With Java2D it's common to "pre-render" things to improve performance. In OpenGL, it's often more efficient to render the elements directly to the screen. Here are some considerations:
To create an off screen image, we tell OpenGL to allocate a new texture. Since Slick ensures all textures are power-of-two-size (since older drivers may not support NPOT), this means that an offscreen image the size of the window (e.g. 1920x1080) will be padded to 2048x2048. Likewise, a 300x65 image will be padded to 512x128. This could potentially be a lot of wasted space.
One of the major causes of poor performance in 2D games is "texture thrashing." Let's say we load two PNG images with Slick -- both will be allocated to separate textures. Because of the way Slick uses OpenGL (i.e. "old school immediate mode"), we can only bind a single texture at a time. So, in order to render the two sprites one after another, OpenGL first needs to bind texture A, then draw it, then bind texture B, then draw it. The more textures we need to bind per frame, the more our game will slow down. This is why we tend to use sprite sheets and startUse/drawEmbedded/endUse -- it allows us to bind a single
texture per frame and re-use it for many images.
Minimizing texture thrashing is a very common way to optimize games/graphics. There are now extensions that allow for multi-texturing, but they may not be reliable for older platforms and Slick's codebase isn't really suitable for that kind of OpenGL usage.
So, if you were to create all of your "pre-rendered" images in the same texture, you would not lose much performance. But this brings me to my next point...
You may run into a bottleneck eventually rendering many sprites, but chances are this bottleneck will lie with the GPU's "fill rate" limitations. This is simply the number of pixels you can render every frame. If you are using full-screen resolution and drawing each tile many times (e.g. for lighting effects), you may very quickly run into fill rate limitations. Offscreen rendering will not improve your performance since you will still be drawing the same number of pixels (or more).
OpenGL is fast. Very fast. If you're using drawEmbedded, you can push tens of thousands of small sprites per frame. Most games will never have that much going on at once; and often you will be using simple culling (i.e. "not in view") to further improve your performance. So, really, you shouldn't be using offscreen images unless absolutely necessary -- this all falls under "premature optimization."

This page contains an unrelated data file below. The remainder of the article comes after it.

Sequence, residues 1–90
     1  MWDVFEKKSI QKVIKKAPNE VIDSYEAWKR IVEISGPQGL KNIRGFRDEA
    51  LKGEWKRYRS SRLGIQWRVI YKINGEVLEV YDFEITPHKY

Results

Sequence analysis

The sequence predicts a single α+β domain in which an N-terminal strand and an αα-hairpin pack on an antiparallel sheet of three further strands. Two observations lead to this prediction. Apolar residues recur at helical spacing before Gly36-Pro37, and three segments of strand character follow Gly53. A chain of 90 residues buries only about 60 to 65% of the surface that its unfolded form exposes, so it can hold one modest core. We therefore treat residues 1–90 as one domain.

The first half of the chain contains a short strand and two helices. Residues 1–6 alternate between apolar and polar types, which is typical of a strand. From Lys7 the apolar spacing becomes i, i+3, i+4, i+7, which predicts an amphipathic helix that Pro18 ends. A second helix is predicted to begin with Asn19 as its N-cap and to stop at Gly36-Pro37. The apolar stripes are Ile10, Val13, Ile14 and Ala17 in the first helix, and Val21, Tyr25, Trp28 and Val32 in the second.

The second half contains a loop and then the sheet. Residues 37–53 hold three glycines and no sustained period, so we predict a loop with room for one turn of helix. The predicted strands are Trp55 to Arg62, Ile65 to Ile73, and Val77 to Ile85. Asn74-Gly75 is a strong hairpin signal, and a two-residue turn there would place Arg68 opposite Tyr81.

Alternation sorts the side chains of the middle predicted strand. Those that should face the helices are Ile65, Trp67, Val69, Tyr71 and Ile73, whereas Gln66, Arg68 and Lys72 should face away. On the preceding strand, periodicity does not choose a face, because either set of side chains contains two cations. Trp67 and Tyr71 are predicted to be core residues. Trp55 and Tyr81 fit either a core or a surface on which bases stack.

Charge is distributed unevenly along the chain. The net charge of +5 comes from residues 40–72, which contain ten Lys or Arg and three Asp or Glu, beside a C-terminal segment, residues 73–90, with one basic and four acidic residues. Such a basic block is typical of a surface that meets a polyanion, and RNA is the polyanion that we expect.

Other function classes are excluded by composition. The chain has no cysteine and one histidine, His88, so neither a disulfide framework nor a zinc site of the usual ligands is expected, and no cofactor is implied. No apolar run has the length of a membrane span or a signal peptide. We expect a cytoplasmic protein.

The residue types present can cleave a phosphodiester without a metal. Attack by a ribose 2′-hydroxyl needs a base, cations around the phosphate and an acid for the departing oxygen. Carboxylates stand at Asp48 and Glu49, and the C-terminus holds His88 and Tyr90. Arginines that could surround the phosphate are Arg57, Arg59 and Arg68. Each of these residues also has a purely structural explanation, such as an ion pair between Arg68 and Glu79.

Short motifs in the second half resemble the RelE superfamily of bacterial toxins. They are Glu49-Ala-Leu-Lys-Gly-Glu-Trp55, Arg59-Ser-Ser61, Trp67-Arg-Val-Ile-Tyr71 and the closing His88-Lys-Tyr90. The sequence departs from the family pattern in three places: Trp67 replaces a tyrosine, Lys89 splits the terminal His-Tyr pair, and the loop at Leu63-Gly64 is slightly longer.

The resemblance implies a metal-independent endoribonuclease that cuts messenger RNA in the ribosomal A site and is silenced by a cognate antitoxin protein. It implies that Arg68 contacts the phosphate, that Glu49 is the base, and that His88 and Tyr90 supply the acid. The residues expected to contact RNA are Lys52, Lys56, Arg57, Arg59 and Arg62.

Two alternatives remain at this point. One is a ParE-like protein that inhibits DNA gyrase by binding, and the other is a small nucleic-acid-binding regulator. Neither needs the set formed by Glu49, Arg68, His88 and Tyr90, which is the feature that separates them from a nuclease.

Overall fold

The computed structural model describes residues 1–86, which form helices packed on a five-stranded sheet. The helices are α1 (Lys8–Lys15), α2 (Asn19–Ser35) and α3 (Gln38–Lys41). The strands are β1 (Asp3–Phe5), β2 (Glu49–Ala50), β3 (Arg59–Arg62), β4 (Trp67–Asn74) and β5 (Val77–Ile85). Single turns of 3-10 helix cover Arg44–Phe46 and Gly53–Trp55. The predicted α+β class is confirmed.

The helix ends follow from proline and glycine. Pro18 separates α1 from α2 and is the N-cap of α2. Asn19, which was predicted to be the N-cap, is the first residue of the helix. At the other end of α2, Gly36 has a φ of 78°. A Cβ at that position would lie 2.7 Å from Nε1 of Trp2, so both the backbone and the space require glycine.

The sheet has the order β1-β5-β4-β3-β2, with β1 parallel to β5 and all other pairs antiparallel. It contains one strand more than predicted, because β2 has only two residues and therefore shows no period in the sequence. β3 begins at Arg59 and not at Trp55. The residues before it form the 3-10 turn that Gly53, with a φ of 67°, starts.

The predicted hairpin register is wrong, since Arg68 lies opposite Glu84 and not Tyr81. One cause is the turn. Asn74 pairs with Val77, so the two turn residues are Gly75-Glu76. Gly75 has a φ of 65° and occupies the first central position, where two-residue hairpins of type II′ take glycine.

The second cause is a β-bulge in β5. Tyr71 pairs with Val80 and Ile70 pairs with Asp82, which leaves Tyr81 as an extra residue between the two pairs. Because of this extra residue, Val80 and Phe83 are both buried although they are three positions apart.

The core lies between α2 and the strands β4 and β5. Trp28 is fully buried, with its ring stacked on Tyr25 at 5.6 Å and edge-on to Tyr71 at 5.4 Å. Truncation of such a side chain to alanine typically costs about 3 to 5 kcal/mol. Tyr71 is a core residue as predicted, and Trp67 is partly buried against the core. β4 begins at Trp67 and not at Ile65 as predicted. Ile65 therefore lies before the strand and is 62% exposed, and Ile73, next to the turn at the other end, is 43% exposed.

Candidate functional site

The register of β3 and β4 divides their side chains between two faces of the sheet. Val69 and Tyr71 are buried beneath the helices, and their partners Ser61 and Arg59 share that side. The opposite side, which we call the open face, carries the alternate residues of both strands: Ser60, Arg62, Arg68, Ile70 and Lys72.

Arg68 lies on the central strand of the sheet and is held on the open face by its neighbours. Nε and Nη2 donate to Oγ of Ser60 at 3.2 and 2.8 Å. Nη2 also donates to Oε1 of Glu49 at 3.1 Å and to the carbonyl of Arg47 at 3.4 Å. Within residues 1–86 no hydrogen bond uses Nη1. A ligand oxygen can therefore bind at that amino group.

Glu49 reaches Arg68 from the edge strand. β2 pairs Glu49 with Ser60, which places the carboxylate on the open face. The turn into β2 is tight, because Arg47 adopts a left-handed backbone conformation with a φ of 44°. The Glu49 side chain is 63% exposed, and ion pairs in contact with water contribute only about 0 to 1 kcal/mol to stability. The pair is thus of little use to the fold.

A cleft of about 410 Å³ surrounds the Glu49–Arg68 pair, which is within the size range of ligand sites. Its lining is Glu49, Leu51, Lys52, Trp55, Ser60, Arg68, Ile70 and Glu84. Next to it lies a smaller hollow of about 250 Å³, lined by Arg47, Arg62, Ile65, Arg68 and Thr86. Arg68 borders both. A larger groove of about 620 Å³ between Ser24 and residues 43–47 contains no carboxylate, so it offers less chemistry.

So if I understand the first post correctly, I shouldn't do this using Image.createOffScreenImage() and a subsequent getGraphics() because this triggers the memory leak, right?
The memory leak is not a huge deal; it only creates a single extra texture at instantiation (since you should never be creating a new image every frame). The problem arises when you use "new Image(int, int)" (which creates an OpenGL texture) and then "getGraphics" (which creates another OpenGL texture). The solution
is to use the utility method, like so, which will only create a total of one texture:
//instead of "new Image(512, 512)"
Image image = Image.createOffscreenGraphics(512, 512);
imageGraphics = image.getGraphics();
Ideally Slick will be patched up so that "new Image(512, 512)" works without any issue; at which point the above utility method will be deprecated (but provide the exact same functionality). But this patch may not come for a while since it requires a pretty substantial change to Slick's codebase.
Regarding copyArea; that method never invokes getGraphics and so no extra textures are created. You don't need to use createOffscreenGraphics if you plan to use copyArea.
TL;DR - Don't bother with offscreen graphics unless you absolutely need to, since rendering to the screen is almost always a better option. If you really need to use offscreen images, then don't worry too much about the memory leak, it will hopefully be fixed at some point. If you want the best practice, for now you can use createOffscreenGraphics(..) instead of "new Image(w, h)".
Also regarding copyArea, it's there if you need it, but generally it's better to use offscreen graphics and render directly to them. Compare the following: (a) drawing to the screen, and then copying all of those pixels to an image, or (b) simply drawing to an image. (b) is faster since it skips the copying.